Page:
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What Does Hail Damage Look Like, Part One

Minneapolis hail storms leaves clear evidence behind

Case Study 19 This is an impact mark from a .75” hail stone on a 3 year old medium hand-split cedar shake roof in Edina, Minnesota. Such hail frequently causes severe damage to cedar shake and shingle roofs. In this case the wood was resilient enough to escape with only a minor ding. Neighbors all around this home had their roofs replaced from the same hail storm. This roof sustained only cosmetic damage.


Case Study 19.2Here we see a 13 year old hand-split heavy cedar shake roof with heavy black mold and oxcidation. The direction of the hail storm resulted in glancing blows rather than perpendicular strikes. The discoloration on the surface of the cedar shake has been removed by the impact of the hail stone but no functional damaged was done that will affect the integrity of the shake.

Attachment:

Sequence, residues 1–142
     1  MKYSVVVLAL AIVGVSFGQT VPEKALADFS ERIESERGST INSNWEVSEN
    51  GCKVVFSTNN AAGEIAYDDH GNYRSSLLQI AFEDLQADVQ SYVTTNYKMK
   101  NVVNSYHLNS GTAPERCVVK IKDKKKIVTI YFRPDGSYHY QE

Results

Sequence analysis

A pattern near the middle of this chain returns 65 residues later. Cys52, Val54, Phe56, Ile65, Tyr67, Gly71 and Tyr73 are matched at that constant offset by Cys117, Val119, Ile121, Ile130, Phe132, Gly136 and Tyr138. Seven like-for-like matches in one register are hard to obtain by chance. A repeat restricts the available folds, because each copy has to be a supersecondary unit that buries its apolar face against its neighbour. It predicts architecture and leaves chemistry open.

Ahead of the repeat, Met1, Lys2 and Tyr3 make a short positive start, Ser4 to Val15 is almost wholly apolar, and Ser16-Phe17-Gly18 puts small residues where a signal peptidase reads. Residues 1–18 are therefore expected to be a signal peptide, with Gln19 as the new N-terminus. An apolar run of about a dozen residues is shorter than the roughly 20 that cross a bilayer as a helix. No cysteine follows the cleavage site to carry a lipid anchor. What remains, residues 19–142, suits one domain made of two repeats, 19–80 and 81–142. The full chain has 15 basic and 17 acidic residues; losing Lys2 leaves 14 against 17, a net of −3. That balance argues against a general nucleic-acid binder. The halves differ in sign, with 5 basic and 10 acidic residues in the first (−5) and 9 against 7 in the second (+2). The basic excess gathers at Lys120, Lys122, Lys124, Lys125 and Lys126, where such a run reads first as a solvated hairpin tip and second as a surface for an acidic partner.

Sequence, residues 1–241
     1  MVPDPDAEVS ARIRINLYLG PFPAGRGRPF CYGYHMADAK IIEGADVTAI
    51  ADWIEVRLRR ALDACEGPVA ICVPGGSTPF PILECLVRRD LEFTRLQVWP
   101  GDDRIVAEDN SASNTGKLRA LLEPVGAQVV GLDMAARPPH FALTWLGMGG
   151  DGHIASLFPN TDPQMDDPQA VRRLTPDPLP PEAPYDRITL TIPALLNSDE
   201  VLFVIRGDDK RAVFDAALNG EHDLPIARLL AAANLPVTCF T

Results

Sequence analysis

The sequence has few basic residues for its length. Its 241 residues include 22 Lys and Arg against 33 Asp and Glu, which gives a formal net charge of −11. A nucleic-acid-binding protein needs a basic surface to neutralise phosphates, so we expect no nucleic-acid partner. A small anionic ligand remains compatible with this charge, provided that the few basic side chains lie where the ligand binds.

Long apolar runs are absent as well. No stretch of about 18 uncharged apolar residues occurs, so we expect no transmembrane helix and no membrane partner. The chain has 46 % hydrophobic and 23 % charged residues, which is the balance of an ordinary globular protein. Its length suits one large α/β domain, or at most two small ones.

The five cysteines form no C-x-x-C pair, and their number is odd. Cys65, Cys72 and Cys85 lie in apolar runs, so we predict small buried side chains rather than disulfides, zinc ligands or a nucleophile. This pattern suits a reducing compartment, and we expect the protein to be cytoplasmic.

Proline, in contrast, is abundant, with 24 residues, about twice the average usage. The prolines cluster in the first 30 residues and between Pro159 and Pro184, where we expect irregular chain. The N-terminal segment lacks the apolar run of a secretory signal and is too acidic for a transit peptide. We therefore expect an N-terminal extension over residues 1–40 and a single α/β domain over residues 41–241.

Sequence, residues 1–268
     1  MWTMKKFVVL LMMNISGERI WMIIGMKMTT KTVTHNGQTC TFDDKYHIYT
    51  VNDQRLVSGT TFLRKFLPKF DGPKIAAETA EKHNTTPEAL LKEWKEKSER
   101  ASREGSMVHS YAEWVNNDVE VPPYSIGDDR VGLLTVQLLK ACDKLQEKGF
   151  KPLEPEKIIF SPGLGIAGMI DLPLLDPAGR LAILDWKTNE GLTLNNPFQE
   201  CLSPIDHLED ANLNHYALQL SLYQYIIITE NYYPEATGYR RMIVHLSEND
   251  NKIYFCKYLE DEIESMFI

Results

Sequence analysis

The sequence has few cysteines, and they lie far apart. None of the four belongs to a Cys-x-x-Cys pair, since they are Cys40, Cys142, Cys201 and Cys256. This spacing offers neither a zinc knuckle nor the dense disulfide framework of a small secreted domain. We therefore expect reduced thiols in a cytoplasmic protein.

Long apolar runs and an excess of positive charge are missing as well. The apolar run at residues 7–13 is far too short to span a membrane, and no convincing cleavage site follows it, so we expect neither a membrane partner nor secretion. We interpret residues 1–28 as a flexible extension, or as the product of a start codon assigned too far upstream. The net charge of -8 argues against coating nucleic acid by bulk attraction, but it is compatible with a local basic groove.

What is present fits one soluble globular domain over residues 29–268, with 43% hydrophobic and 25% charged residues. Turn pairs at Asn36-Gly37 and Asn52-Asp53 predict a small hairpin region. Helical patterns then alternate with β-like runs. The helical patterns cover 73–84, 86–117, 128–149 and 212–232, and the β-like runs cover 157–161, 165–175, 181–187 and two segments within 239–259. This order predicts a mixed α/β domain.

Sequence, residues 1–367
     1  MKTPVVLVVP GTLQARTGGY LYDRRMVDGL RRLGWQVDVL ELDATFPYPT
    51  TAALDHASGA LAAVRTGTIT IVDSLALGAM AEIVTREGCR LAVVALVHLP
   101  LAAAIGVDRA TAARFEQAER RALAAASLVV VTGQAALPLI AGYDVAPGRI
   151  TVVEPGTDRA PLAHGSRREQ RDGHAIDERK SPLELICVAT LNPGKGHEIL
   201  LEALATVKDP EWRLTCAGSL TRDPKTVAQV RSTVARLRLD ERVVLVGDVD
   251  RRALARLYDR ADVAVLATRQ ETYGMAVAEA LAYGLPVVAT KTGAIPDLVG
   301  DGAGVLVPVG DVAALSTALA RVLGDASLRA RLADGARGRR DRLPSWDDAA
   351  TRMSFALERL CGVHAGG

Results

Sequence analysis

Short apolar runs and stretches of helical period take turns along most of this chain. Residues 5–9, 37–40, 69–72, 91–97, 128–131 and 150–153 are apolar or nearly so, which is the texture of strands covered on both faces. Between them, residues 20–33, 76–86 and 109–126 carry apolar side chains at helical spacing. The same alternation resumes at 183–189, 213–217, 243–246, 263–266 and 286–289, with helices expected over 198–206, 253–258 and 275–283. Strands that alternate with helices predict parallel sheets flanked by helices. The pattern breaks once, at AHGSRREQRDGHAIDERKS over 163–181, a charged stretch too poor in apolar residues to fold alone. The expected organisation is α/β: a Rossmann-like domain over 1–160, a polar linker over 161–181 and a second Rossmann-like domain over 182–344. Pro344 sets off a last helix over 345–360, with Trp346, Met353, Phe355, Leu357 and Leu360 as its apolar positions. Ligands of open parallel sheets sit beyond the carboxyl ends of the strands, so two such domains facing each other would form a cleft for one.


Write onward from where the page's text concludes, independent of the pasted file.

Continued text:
Case Study 19.3Hail storms in Minneapolis are all quite unique and localized. One neighborhood can be hit hard while the next one over barely gets hit at all. Pictured here is a 15 year old cedar shake roof in Plymouth, Minnesota after a severe hail storm. Not only was the hail .75” in diameter, it was very concentrated. While this particular cedar shake is more or less new many repairs were needed on this roof in other areas.


Case Study 19.4This cedar roof was 22 years old and was victim of a hail storm that went through Maple Grove a few years ago. The entire roof was littered with debris from the storm. There are a few interesting things to note: First notice how the cedar that was exposed as the result of the hail damage looks ‘fresh’, with orange coloring while the surrounding material is grey and weathered. Next, the hail damage is most severe on the butt edges of the shakes.

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